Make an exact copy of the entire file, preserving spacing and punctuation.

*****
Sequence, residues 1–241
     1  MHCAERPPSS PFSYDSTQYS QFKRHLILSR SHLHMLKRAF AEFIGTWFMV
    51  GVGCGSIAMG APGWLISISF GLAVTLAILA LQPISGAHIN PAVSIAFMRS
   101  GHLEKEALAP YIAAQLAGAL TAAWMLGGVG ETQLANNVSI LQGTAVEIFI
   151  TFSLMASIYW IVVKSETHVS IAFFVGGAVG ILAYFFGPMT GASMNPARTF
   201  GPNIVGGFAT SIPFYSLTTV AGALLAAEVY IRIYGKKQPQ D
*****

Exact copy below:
Sequence, residues 1–241
     1  MHCAERPPSS PFSYDSTQYS QFKRHLILSR SHLHMLKRAF AEFIGTWFMV
    51  GVGCGSIAMG APGWLISISF GLAVTLAILA LQPISGAHIN PAVSIAFMRS
   101  GHLEKEALAP YIAAQLAGAL TAAWMLGGVG ETQLANNVSI LQGTAVEIFI
   151  TFSLMASIYW IVVKSETHVS IAFFVGGAVG ILAYFFGPMT GASMNPARTF
   201  GPNIVGGFAT SIPFYSLTTV AGALLAAEVY IRIYGKKQPQ D